A large number of great books have, since the sixteenth century, analyzed and dramatized the revolutionary implications and consequences of this Protestant insight. Ever since the sixteenth century, the domains of production (work) and reproduction (family) have become the crucial arenas for strenuous and potentially noble endeavor. No longer did the highest forms of human excellence seem any longer to depend upon restricted and privileged theaters of activity—the battlefield, the legislative assembly, the courts, the academy, the laboratory, or the pulpit and altar—to which a select few had access. At the same time that the horizon of meaning and significance expanded to comprehend the legitimate callings of all human beings as parts of a divine plan ordained by God from all eternity for the end of human flourishing, the location for living well and faithfully contracted sharply. The proper precincts of ambition were no longer necessarily far away either geographically or socially. They were near at hand, in the family, the neighborhood, the work place, the immediate community. And the ultimate success or failure of people’s work was finally not in their own hands. Anyone’s daily work might be infinitely significant, for both its ordination and its final consequences were in the hands of God. The foundations for a distinctively modern idea of excellence had been laid: potentially everlasting significance and the prospect of great nobility married to the most temporal, finite, and ordinary locations. We could well call this the ethics of the Incarnation. Considered from such a vantage point, so-called balanced lives might well be equally as choice worthy as, even more admirable than, single-minded ones.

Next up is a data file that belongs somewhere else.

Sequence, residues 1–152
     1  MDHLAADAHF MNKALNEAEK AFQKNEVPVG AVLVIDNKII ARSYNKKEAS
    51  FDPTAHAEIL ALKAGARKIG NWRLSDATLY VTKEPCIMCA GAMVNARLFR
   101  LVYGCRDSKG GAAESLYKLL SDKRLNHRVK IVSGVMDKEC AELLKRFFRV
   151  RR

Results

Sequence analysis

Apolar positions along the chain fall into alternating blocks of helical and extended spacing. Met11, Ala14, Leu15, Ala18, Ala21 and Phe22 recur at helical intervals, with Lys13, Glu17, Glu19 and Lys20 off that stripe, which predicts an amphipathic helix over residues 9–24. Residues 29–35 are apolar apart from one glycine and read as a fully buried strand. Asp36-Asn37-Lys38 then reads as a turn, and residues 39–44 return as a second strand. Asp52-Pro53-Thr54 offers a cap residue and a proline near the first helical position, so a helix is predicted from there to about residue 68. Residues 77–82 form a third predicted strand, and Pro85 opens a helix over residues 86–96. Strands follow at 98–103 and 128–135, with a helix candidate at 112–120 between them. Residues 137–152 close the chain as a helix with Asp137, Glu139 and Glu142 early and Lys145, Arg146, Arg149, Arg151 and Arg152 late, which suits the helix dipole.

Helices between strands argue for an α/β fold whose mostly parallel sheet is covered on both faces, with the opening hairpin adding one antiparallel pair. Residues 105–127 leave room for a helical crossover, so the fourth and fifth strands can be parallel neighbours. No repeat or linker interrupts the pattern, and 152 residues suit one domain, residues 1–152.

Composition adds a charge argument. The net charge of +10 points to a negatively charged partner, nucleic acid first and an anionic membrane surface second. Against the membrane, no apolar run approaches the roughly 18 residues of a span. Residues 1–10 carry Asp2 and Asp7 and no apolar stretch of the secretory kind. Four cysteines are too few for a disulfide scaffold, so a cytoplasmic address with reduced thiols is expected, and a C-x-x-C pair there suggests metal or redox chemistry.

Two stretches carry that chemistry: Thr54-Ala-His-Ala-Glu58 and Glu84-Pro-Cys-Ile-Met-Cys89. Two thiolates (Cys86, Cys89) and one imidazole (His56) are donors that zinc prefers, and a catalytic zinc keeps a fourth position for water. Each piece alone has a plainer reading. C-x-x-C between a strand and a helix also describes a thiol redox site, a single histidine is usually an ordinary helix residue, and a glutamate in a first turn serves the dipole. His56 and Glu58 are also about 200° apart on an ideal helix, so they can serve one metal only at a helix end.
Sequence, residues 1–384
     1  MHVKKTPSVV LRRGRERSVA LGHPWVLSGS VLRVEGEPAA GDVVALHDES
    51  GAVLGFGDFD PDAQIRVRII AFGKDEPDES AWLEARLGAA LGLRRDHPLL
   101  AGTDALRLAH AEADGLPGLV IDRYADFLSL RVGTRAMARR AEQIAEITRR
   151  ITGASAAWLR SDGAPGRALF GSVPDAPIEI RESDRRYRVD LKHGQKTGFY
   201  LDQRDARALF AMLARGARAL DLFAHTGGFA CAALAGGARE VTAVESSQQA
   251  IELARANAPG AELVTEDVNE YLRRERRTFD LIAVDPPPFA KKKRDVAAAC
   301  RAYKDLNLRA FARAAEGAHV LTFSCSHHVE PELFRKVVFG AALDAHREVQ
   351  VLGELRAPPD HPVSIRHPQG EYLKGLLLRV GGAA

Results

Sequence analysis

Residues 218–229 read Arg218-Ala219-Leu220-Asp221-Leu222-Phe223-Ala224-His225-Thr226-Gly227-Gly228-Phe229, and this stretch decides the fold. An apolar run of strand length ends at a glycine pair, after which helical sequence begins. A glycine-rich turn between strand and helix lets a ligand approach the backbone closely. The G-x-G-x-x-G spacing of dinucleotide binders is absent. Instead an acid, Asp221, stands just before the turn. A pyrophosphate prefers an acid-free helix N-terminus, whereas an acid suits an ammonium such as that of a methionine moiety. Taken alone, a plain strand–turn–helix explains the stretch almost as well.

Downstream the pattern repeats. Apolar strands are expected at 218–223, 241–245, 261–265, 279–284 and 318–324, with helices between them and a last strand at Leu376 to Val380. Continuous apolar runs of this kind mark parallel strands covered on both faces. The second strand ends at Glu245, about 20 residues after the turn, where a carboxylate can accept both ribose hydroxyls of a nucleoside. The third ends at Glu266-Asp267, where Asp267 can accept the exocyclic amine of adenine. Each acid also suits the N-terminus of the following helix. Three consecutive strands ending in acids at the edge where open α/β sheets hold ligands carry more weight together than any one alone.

There is yet one more difference between the vocabulary of vocation and the vocabularies of authenticity and virtue that we should note in closing, for it will bring us back to the thought of Eva Brann that initiated this inquiry. Christians believe that their identity is sacramentally bestowed in baptism before it is actively accomplished through a process of sanctification. Many Christians, like Søren Kierkegaard, tend to speak of becoming what they already are. This view of matters complicates and to some degree challenges the idea that, to quote Eva Brann again, “we either change or grow wiser, but not both.” If Christians are right in believing that identity is more conferred or ascribed than achieved and in thinking that the changes in our lives are more worked within us than they are brought about exclusively through our own exertions, there may be a sense in which we can and do indeed change and grow wise at the same time. A part of that wisdom in and through change will come from the repeated discovery and acknowledgement that we are not self-made men and self-made women after all. One need not, of course, be a Christian to reach this latter conclusion.
This is not the place to tarry in the abstract realm of these complicated, rival philosophical and theological claims. We should note, however, that we came to this thicket of fundamental questions by first considering questions about the nature of work and its relationship to identity in a human life. If we were to continue this kind of an inquiry with students in a way that is more sustained and capable than this preliminary discourse, it would be at certain times impossible to distinguish sharply between career counseling and liberal learning, between vocational preparation and liberal education. This modest ambition of conflating two discourse formations that are more often held completely apart would be in these times a significant gain for us, for today’s students, and for their efforts and ours to find both ourselves and our proper work in the world.
Mark Schwehn is Professor of Humanities in Christ College, Valparaiso University. This essay is based on remarks made to the Annual Conference of the Association for Core Texts and Courses in Chicago, Illinois, 18 April 2006.
Aristotle. Nicomachean Ethics. Terence Irwin, trans. Indianapolis: Hackett, 1985.
Brann, Eva. Homeric Moments: Clues to Delight in Reading the Odyssey and the Iliad. Philadelphia: Paul Dry, 2002.
Homer. The Iliad of Homer. Richmond Lattimore, trans. Chicago: University of Chicago Press, 1951.
Lee, Harper. To Kill a Mockingbird. New York: Harper, 2006 .
Placher, William C., ed. Callings: Twenty Centuries of Christian Wisdom on Vocation. Grand Rapids: Eerdmans, 2005.